28 August 2019
How joy became the brand buzzword of 2019 /
Wildfire account director Alex Warren on the companies jumping for joy and what it takes for a brand to successfully own a feeling
It may sound pessimistic, but I’m not a fan of joy. Not so much joy as an emotion, but joy as a marketing term.
In the last twelve months ‘joy marketing’ has exploded, with brands across all variety of sectors adopting the J-word in their mission statements, slogans and brand characteristics. Just Eat tells us of the ‘joy of the takeaway’, Cupcake Vineyards asks us to ‘choose joy’, Aperol believes that ‘together we joy’, Domino’s ‘owns the emotional territory of joy’. Joy marketing is everywhere.
And it’s not just food and drink brands that are getting in on the action. Halifax recently told us all of the “joy of that new home feeling”, while fintech companies tell us of the “joy of digital banking”. Even Citibank has taken a trip to Joyville with its “moments of joy” pop-up customer experiences.
While it’s nice to see so many brand managers feeling joyous about their products and services, it’s hard not to wonder whether this is all adding much value to these brands.
If everyone is ‘owning the emotional territory of joy’, then is anyone really benefiting as a result? Does joy really differentiate Domino’s fast-food delivery service if Just Eat is telling the world that it ‘owns’ the exact same emotion?
Even more importantly, are these brands really being honest with themselves? Sure, a late-night takeaway might bring customers genuine joy, but does an online financial transaction with a major banking institution really stimulate the same response?
Of course, it’s easy to see why so many brands are keen to jump on the idea of joy as the basis for their marketing campaigns. As a sentiment, it ticks a lot of boxes. It’s positive, it’s emotive, it implies an experience-first approach, and it’s also very personable, capturing that ‘human element’ that has become so fashionable in 2019. The only problem is, if it’s not authentic, then the associations with your brand won’t be strong enough, and people simply won’t remember it.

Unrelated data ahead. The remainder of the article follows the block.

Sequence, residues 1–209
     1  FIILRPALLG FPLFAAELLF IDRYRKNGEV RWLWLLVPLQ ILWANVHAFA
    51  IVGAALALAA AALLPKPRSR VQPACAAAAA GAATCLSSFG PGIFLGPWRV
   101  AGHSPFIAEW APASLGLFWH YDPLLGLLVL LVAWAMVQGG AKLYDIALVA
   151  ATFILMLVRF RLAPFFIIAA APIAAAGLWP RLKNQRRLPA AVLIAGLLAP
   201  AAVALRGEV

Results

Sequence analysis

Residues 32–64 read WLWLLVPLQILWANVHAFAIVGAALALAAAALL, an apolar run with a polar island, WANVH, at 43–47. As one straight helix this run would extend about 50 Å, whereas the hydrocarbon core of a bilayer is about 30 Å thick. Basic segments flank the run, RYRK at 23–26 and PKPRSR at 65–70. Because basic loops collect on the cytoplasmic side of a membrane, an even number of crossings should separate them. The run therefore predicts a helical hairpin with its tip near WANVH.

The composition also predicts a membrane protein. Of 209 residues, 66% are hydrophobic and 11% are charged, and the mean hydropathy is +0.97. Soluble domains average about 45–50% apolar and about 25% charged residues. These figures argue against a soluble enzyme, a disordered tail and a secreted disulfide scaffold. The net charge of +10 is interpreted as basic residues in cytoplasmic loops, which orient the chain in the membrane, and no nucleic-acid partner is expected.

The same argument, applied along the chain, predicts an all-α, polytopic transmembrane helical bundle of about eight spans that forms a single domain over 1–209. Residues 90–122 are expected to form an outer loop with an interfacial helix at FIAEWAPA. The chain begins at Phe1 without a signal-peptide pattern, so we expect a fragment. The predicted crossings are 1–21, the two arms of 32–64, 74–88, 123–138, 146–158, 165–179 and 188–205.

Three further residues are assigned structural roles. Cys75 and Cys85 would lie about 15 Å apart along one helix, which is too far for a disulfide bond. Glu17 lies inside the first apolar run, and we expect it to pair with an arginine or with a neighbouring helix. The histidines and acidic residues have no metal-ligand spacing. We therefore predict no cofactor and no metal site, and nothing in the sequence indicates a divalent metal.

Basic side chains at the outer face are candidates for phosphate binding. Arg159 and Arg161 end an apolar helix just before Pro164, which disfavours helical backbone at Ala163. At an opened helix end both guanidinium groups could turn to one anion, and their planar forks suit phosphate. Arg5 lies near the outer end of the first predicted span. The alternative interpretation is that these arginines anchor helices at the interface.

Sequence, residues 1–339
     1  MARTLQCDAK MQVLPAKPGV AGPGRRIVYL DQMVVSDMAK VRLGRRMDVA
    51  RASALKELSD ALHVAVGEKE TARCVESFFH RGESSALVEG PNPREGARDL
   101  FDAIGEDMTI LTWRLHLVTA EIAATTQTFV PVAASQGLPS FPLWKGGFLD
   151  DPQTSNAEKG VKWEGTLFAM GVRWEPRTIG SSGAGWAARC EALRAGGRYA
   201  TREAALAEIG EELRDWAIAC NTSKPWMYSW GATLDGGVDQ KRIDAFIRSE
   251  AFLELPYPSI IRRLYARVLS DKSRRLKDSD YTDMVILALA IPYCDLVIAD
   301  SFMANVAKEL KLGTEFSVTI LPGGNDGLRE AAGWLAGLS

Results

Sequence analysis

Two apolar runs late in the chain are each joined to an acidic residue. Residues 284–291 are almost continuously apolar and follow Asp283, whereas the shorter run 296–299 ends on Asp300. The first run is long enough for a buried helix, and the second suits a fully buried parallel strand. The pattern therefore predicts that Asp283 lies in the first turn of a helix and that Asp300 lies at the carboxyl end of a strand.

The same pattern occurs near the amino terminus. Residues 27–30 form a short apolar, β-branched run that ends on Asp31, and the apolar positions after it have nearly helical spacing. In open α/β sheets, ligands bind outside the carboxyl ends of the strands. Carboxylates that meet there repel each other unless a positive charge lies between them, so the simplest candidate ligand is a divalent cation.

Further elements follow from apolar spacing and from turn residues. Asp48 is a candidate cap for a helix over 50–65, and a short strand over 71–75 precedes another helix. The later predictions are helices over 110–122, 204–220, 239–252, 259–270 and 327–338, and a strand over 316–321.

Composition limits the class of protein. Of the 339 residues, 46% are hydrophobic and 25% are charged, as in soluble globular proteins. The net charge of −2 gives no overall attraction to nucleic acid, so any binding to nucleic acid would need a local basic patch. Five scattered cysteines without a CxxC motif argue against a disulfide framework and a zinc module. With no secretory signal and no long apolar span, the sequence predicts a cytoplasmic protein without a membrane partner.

So just who has that authenticity? Who – if anyone – is doing joy marketing well?
To my mind, there’s only one brand that has truly owned and encapsulated the concept of joy and that’s Cadbury.
For more than ten years, Cadbury has focused all elements of its marketing mix around the idea of creating feelings of joy. To name just a few of Cadbury’s recent campaigns, we’ve had the Joy Generator, the Cadbury Christmas Joy Squad, the Dairy Milk Joy Wagon, What Brings you Joy, Joy Deliveries, The Joy of Puddles, James Corden Frees the Joy and the Joy of the Everyday.
What has Cadbury done to get this right? Is it really just as simple as adding the word joy to the names of their marketing campaigns?
For me, there are three things that make Cadbury stand out above the rest:
1. They’ve been patient. Cadbury has spent more than 10 years focusing on the concept of joy and building that feeling into every interaction its customers have with the brand. That level of commitment doesn’t come easily. In fact, even Cadbury has struggled to maintain consistency, announcing that it was dropping joy on four separate occasions, only to return to the theme almost immediately. Such a long-term investment in a single idea may feel counterintuitive to the fast-paced nature of modern marketing, but it’s exactly what brands need to effectively associate their products with an emotional concept in the mind of their audiences.
2. They’ve stayed honest. For most of us, the idea that complex financial service products don’t spark emotional joy is obvious. But for marketers who have become completely wrapped up in their own brand bullshit, it becomes impossible to see the wood for the trees. Sometimes, you just have to be honest about what your brand does, and often that means calling upon outside perspectives that aren’t caught up in the world of marketing. Those who are closest to the brand are often the worst placed to tell you how a company is actually perceived.
3. They are authentic. Cadbury’s association with joy doesn’t just feel authentic — it is authentic. Cadbury chocolate does bring a lot of people joy. Through patience and honesty, Cadbury has created a brand that is genuinely valuable, and in order to make something valuable you need to devote a lot of energy and a lot of time to it.